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PetroAlgae changes name to Parabel to better reflect new strategy

By Erin Voegele | February 15, 2012

Melbourne, Fla.-based PetroAlgae Inc. has changed its name to Parabel Inc. According to information released by the company, the new name better reflects its strategic changes and commercial milestones.

“In the past year, the company has significantly accelerated its commercialization as a result of key strategic changes,” said Anthony Tiarks, CEO of Parabel. “We have developed a scalable and flexible customer licensee model, and our technology is now being implemented at pilot scale around the world. Our priority is to facilitate the commercial-scale production of animal feed and potentially human food ingredients, using nongenetically modified and nonalgae microcrops. We believe it is the right time for these important developments and achievements to be given expression through a new name.”

Information issued by Parabel noted that its proprietary technology addresses global demand for new sources of feed, food and fuel. According to the company, its open-pond bioreactor technology enables customer licensees to grow, harvest, and process locally available, aquatic microcrops.Biorefining Magazine’s prior coverage of the company notes that the Parabel’s technology is used to cultivate microcrops from the Lemnaceae family, including duckweed.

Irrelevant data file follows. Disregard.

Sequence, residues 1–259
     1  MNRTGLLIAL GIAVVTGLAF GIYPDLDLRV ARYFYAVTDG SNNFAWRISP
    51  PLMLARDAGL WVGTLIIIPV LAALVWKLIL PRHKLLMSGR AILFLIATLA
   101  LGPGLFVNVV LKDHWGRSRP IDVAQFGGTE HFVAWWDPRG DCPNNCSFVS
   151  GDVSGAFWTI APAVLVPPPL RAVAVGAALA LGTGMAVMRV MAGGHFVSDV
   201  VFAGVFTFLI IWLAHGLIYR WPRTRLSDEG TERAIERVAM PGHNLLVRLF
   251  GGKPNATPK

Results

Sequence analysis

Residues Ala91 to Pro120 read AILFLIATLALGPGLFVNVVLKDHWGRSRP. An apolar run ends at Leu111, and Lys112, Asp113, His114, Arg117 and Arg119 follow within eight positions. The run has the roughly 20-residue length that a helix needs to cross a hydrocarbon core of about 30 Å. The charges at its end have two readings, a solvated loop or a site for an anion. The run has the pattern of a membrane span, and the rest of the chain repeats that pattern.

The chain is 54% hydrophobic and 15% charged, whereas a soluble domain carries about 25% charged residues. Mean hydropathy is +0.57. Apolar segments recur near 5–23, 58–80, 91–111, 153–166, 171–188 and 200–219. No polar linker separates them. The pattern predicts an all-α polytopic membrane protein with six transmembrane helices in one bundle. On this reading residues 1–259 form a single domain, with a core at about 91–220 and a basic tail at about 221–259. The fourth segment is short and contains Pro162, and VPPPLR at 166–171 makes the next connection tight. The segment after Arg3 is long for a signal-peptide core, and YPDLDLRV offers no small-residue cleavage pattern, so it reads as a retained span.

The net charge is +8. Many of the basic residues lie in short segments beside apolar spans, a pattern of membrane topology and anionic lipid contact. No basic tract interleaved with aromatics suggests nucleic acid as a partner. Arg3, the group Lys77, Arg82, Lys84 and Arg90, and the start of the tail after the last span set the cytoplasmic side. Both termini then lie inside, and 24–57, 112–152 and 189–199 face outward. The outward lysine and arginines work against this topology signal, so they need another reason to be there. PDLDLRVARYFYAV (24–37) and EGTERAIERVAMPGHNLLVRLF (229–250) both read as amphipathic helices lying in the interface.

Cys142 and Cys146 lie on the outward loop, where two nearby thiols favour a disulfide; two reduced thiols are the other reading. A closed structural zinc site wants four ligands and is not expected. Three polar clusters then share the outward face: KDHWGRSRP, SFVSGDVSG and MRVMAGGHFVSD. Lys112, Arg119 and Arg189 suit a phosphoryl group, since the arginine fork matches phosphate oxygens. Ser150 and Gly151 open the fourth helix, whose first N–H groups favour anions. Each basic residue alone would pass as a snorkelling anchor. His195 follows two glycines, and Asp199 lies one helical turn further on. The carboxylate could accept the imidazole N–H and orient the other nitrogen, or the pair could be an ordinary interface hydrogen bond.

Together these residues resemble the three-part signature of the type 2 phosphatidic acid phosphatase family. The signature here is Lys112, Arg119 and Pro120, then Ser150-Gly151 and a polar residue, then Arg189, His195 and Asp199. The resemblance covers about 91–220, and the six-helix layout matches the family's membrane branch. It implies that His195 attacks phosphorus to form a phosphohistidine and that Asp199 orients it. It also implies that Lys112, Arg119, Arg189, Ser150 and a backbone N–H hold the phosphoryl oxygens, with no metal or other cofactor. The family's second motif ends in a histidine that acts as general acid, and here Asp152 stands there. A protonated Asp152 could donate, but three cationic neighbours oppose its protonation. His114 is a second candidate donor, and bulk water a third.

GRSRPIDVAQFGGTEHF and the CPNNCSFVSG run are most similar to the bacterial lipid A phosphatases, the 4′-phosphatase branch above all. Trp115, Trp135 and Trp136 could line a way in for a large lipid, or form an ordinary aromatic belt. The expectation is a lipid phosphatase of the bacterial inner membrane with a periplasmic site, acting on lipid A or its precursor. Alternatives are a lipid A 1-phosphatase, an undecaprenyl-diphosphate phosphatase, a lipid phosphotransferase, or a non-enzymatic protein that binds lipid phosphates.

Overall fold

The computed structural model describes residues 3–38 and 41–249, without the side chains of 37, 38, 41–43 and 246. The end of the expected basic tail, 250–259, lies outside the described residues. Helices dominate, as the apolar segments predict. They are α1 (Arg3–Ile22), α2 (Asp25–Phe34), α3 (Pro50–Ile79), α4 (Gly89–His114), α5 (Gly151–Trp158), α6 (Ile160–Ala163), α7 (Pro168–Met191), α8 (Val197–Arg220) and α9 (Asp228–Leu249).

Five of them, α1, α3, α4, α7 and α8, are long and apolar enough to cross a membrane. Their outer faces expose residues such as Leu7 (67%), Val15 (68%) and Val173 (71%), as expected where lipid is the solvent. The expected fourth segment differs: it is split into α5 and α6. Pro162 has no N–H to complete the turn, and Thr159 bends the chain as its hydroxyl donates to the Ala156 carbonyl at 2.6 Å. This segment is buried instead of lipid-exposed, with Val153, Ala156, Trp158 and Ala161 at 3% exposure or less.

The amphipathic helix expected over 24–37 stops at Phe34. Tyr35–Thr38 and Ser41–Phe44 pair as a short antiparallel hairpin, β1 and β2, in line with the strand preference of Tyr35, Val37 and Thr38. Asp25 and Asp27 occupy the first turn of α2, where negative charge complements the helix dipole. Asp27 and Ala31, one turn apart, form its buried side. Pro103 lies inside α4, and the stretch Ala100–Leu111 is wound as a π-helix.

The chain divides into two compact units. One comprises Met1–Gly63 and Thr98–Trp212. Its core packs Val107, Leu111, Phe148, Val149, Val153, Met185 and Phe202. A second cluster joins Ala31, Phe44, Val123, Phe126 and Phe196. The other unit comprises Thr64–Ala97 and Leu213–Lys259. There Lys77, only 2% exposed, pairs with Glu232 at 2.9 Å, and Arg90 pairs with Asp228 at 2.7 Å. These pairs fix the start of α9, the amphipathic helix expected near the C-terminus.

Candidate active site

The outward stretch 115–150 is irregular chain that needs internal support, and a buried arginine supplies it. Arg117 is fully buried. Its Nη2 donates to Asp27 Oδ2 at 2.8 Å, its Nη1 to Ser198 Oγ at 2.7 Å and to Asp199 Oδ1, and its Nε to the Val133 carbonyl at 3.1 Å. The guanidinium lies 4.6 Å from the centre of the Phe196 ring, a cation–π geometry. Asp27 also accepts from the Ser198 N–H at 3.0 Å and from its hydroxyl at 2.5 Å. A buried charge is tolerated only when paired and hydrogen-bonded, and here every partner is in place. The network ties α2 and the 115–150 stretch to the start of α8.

The company filed an IPO registration statement with the U.S. Securities and Exchange Commission August 2010, and amended that registration December 2011. Due to the pending IPO, Parabel is not currently able to offer additional comments on the name change.

Parabel operates a demonstration-scale algae production facility in Fellsmere, Fla. In June 2011, Parabel and its operating company PA LLC announced the finalization of Master Framework and Initial License Agreement with the Ministry of Natural Resources for the Republic of Suriname, Staatsolie Maatschappij Suriname N.V. (Staatsolie) and N.V. Verenigde Cultuur Maatschappijen (N.V. VCM). The agreement covers the phased construction and operation of a commercial-scale microcrop farm in Suriname that will produce renewable fuel and protein. Construction on that facility could begin this year.

 

 

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